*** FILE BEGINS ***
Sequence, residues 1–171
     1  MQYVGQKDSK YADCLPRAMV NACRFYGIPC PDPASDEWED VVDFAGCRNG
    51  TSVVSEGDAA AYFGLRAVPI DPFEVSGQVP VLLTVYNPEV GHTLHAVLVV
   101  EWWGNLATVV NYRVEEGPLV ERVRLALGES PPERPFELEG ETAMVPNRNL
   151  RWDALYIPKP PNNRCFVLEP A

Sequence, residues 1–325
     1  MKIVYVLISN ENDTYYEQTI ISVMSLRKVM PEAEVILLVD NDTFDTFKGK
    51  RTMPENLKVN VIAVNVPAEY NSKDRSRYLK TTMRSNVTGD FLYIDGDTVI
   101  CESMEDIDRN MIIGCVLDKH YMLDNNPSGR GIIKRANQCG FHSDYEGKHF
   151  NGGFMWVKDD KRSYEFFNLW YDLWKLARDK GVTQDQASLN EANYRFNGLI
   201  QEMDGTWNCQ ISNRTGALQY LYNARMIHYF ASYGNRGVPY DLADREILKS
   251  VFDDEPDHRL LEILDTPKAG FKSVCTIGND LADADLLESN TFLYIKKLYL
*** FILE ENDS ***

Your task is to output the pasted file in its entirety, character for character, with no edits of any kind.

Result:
Sequence, residues 1–171
     1  MQYVGQKDSK YADCLPRAMV NACRFYGIPC PDPASDEWED VVDFAGCRNG
    51  TSVVSEGDAA AYFGLRAVPI DPFEVSGQVP VLLTVYNPEV GHTLHAVLVV
   101  EWWGNLATVV NYRVEEGPLV ERVRLALGES PPERPFELEG ETAMVPNRNL
   151  RWDALYIPKP PNNRCFVLEP A

Sequence, residues 1–325
     1  MKIVYVLISN ENDTYYEQTI ISVMSLRKVM PEAEVILLVD NDTFDTFKGK
    51  RTMPENLKVN VIAVNVPAEY NSKDRSRYLK TTMRSNVTGD FLYIDGDTVI
   101  CESMEDIDRN MIIGCVLDKH YMLDNNPSGR GIIKRANQCG FHSDYEGKHF
   151  NGGFMWVKDD KRSYEFFNLW YDLWKLARDK GVTQDQASLN EANYRFNGLI
   201  QEMDGTWNCQ ISNRTGALQY LYNARMIHYF ASYGNRGVPY DLADREILKS
   251  VFDDEPDHRL LEILDTPKAG FKSVCTIGND LADADLLESN TFLYIKKLYL